Cleto advises residents to plant more trees rather than take them down.
The governor of Western Bahr el Ghazal has urged locals to stop chopping trees and instead plant more in the state.
Sarah Cleto suggested that anybody who chops a tree replace it by planting another, noting the effects of climate change.
According to Governor Cleto, this will assist safeguard the environment and avoiding climate change in the long term.
“I know there are various things that happen inside our state, like chopping trees and not planting trees, and this has an influence on climate in the future,” Governor Cleto remarked.
“What I’m doing is continuing to raise awareness among people that we shouldn’t be taking down all the trees, and that if you remove a tree, you plant another one someplace else.” People must clear the forest or shrubs for their dwellings, but they must also refrain from cutting trees in any way.
“In locations like Jur River, people have been cutting even the Lulu trees, which are really state treasures, and by cutting them, we are also losing resources, which will have an influence on the climate.”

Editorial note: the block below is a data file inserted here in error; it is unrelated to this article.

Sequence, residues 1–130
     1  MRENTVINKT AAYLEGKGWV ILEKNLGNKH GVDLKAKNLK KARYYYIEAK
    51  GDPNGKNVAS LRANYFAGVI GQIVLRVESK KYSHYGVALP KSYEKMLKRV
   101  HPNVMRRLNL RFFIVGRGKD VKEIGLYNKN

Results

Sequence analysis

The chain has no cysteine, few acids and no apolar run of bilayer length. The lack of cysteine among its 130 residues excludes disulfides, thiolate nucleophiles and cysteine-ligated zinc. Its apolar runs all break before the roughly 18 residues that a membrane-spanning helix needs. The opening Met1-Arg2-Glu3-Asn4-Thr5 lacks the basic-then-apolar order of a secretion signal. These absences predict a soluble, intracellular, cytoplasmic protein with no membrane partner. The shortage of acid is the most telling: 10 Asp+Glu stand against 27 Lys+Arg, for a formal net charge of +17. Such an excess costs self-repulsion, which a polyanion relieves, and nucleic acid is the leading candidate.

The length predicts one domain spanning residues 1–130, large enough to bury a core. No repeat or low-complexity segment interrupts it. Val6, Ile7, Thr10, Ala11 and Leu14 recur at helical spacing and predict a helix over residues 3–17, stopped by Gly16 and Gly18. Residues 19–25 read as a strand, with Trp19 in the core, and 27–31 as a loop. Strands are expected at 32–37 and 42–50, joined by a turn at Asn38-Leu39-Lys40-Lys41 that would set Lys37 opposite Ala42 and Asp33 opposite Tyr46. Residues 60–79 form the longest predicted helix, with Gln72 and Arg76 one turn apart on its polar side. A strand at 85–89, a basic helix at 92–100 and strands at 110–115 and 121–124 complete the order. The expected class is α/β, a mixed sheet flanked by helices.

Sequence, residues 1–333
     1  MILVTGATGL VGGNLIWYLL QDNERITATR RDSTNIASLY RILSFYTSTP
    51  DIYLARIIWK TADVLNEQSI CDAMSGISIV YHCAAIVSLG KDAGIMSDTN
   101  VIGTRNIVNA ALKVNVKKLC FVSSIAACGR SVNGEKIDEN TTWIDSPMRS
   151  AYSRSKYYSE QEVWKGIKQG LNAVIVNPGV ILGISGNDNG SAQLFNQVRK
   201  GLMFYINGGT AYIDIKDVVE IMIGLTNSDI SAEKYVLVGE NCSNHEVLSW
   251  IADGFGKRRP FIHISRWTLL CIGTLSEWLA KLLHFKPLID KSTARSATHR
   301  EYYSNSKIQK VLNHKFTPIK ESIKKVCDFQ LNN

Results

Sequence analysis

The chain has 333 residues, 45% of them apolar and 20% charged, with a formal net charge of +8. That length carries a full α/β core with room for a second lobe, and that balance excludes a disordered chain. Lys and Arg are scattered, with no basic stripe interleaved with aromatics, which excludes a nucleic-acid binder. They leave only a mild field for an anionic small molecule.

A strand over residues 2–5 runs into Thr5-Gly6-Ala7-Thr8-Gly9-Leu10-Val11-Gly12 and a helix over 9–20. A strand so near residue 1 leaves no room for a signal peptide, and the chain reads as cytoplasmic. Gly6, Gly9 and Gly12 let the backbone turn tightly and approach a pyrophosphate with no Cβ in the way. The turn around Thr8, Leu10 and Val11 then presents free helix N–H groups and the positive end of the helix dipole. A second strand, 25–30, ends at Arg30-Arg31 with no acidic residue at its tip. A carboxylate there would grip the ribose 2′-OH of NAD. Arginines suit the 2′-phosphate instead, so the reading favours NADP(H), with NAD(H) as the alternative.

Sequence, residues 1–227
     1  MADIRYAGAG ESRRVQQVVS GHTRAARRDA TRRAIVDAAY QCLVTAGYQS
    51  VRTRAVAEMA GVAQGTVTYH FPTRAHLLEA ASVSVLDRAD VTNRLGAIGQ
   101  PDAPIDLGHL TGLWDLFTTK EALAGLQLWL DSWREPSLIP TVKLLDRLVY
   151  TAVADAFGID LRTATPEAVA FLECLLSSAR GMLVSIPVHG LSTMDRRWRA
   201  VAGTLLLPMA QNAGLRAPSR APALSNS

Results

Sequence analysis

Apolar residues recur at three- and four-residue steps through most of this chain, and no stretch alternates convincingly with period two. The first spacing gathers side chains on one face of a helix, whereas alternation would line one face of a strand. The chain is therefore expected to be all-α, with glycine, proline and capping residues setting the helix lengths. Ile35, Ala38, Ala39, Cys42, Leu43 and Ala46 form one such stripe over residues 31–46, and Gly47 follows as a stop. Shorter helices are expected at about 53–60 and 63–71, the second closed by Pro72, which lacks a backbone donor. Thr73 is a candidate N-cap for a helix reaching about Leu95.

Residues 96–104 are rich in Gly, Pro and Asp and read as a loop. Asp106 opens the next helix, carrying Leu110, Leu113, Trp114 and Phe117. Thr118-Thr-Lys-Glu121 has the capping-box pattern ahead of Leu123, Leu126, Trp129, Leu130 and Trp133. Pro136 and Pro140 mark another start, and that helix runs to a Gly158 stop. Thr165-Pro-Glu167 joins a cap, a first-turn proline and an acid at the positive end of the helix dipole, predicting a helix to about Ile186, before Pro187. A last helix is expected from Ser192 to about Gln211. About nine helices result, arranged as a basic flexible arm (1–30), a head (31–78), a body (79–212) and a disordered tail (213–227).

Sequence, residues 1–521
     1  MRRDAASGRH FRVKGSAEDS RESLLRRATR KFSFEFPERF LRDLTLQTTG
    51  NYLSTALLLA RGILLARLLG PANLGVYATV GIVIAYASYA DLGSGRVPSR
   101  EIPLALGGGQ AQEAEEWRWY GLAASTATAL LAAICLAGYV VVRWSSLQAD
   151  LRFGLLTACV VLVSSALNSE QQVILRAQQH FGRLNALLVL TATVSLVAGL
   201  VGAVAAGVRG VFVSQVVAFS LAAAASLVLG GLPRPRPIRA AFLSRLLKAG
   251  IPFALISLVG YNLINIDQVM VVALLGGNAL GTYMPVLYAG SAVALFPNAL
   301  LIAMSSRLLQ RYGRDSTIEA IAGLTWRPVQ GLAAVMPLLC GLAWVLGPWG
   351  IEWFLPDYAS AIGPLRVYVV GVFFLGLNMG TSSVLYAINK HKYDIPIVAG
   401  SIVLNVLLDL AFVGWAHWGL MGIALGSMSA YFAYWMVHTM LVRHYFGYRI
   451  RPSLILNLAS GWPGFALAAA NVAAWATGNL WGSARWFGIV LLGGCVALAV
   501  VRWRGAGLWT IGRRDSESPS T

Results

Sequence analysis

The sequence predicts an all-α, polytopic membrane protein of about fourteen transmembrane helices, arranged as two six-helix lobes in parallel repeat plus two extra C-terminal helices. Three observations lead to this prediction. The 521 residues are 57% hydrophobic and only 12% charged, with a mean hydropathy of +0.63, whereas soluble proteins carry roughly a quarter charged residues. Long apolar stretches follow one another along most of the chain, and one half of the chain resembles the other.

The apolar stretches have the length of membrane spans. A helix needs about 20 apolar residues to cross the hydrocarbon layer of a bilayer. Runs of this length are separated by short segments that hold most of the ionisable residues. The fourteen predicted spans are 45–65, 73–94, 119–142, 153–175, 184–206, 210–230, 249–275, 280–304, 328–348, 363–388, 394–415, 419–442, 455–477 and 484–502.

Trees may act as windbreaks, preventing high gusts from harming homes and property.
Climate change is defined as a long-term shift in average weather patterns.
Climate change is causing excessive heat, drought, and bug outbreaks in South Sudan, according to researchers.
After months of drought, major portions of the nation saw severe flash floods in 2020.
President Salva Kiir also asked the population to resist environmental deterioration in June of last year.
He said that unchecked human activity, particularly uncontrollable charcoal burning, had damaged the ecosystem and the country’s rivers, leading to climate change.
Kiir acknowledged that the destruction of forest reserves is another key issue affecting environmental deterioration in South Sudan.